buzhannon wrote:
There are other threads mentioning this, but Lookout has said they were also dissatisfied with the component issues, blaming the manufacturer for supplying a lesser quality than desired. So I don't think it's an issue of trying to job people for a higher margin, but a major manufacturing mistake in a small business that can't afford to have it reprinted.

Could they have sold it for less because of the component issues? Sure, but it would have had a significant impact on their bottom line, potentially even jeopardizing their ability to publish going forward. It's a tough call to make for a small, niche business.

As for me, I'll wait or try to acquire via trade because of the issues, but I can understand Lookout's side of the story.
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Buz
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Re: Ora et Labora Review: Analyzed through Dr. Sheldon Cooper of Big Bang Theory
dragos_br wrote:
That has happened before with other companies. No need to reprint the entire thing, just the bad quality components and send it for free to dissatisfied customers, upon demand. i don't think THAT action would bankrupt Lookout.


This seems reasonable. I'm actually somewhat surprised that a fix-pack hasn't been mooted yet.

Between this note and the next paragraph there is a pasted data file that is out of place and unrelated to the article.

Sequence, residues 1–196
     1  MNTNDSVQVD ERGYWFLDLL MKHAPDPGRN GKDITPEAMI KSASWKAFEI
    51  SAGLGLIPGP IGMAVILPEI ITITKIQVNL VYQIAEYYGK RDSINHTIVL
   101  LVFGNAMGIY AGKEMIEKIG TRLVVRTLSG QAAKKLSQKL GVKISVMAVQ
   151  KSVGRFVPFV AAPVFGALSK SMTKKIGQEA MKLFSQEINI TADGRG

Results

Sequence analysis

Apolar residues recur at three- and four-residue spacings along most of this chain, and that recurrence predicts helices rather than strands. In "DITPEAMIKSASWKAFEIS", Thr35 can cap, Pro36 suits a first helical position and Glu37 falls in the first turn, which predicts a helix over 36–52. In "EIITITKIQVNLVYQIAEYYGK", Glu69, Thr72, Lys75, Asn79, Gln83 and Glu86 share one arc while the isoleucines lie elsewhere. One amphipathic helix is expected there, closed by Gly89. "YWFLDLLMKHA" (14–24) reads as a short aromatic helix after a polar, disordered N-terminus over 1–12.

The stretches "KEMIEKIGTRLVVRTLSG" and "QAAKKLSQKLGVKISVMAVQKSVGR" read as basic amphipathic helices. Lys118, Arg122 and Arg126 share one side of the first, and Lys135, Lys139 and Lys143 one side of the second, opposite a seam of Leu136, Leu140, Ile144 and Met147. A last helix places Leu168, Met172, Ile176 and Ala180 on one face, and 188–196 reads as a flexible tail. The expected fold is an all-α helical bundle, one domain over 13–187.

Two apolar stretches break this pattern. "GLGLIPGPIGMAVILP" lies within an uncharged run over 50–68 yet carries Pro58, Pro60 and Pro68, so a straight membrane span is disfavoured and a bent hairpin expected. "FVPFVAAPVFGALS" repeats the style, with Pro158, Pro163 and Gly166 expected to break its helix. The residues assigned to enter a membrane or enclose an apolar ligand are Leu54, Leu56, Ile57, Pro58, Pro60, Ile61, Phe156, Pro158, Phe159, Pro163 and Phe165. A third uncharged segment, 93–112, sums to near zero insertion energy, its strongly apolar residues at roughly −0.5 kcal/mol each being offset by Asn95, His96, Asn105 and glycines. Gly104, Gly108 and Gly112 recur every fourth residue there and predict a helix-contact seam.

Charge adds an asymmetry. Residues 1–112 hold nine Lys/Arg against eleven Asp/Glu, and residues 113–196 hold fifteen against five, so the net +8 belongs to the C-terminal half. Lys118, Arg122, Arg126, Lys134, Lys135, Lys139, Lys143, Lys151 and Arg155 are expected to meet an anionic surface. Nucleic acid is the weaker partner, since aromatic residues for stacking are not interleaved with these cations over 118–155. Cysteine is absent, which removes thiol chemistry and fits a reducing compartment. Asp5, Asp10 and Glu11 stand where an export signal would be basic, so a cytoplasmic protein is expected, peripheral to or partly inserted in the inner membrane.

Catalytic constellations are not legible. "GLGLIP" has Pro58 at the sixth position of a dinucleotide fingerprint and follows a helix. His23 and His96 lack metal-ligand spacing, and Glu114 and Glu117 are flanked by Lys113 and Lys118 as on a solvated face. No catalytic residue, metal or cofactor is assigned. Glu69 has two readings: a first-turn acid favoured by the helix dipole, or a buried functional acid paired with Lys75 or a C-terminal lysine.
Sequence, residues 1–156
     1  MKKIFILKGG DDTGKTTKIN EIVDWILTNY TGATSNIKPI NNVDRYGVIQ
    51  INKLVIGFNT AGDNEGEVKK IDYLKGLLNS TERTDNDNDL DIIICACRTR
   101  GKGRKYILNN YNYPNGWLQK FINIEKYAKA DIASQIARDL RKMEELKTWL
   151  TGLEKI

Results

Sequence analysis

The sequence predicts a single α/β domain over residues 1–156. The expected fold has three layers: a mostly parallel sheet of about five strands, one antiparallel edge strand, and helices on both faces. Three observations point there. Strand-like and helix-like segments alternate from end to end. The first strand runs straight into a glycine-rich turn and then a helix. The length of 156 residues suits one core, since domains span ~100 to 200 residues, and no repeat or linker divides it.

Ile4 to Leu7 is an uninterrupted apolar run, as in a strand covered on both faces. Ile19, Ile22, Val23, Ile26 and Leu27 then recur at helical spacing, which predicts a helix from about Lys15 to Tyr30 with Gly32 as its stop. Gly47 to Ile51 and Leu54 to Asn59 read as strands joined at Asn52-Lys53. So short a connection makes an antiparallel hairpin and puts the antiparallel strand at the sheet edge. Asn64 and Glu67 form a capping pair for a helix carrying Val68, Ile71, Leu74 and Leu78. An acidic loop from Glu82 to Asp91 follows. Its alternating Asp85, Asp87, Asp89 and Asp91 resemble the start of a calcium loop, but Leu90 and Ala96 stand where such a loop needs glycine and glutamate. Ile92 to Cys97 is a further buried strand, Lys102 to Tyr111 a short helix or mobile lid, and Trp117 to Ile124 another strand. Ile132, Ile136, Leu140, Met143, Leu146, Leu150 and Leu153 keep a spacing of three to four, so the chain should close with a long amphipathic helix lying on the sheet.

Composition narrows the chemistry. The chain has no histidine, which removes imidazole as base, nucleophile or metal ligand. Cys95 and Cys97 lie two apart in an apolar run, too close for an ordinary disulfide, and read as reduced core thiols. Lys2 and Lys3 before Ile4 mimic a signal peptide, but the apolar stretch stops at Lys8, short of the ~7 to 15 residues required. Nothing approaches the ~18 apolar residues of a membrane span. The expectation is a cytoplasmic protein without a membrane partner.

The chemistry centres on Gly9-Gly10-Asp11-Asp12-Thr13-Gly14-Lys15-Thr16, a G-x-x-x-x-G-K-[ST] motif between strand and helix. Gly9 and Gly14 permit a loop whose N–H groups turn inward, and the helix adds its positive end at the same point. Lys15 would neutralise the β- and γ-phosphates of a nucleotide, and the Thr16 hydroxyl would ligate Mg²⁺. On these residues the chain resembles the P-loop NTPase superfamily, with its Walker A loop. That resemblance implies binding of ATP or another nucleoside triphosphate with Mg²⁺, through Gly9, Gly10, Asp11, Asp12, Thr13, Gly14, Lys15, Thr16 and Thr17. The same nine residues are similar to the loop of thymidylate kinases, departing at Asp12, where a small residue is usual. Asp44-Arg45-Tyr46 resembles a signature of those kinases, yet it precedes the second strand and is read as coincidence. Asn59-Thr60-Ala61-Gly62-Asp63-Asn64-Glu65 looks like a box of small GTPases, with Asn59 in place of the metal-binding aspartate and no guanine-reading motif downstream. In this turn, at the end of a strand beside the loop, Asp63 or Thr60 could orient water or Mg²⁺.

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Frank Liu
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Re: Ora et Labora Review: Analyzed through Dr. Sheldon Cooper of Big Bang Theory
i really love the style of your reviewing~awesome!!
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Jay Lacson
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Re: Ora et Labora Review: Analyzed through Dr. Sheldon Cooper of Big Bang Theory
I've been proudly sporting my TBBT fan badge for a while. I'm still undecided on the review format, but I really enjoyed reading the quotes from Sheldon.

I read this:
radiosonicfan wrote:
My favorite example of explaining the distinction between the two is using sex. The proximal reason for sex is because is feels good. The ultimate causation reason for sex is copulation produces offspring. The same could be said for alcohol for Raj in the Big Bang Theory. Drinking alcohol is pleasurable and results in a buzz, but the ultimate reason for Raj drinking is to meet and talk to girls. I suspect the same may be true for Ora et Labora. The monks produce alcohol because it tastes good and is probably safer than the local drinking water, but without alcohol who would want to perform manual labor to produce goods.